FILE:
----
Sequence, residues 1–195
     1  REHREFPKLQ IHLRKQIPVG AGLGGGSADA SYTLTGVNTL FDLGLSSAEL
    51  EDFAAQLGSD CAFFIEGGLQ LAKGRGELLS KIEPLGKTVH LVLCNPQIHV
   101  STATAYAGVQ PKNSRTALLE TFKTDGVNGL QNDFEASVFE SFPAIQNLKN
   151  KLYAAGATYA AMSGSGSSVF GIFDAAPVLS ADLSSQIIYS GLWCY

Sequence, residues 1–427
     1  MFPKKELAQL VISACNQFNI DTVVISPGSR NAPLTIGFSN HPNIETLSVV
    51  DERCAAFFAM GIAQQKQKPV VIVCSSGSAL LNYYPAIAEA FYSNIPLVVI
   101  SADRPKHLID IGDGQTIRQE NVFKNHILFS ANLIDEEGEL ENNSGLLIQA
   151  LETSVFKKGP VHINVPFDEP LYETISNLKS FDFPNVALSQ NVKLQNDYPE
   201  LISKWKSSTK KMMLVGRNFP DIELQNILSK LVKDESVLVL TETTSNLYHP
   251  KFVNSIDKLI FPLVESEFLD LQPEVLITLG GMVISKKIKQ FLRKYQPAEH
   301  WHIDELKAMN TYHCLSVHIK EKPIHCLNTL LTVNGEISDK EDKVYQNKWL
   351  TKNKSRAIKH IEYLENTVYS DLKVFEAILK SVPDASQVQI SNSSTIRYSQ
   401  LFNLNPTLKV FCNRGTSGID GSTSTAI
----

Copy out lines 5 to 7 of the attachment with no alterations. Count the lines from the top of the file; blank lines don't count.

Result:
   151  KLYAAGATYA AMSGSGSSVF GIFDAAPVLS ADLSSQIIYS GLWCY

Sequence, residues 1–427
     1  MFPKKELAQL VISACNQFNI DTVVISPGSR NAPLTIGFSN HPNIETLSVV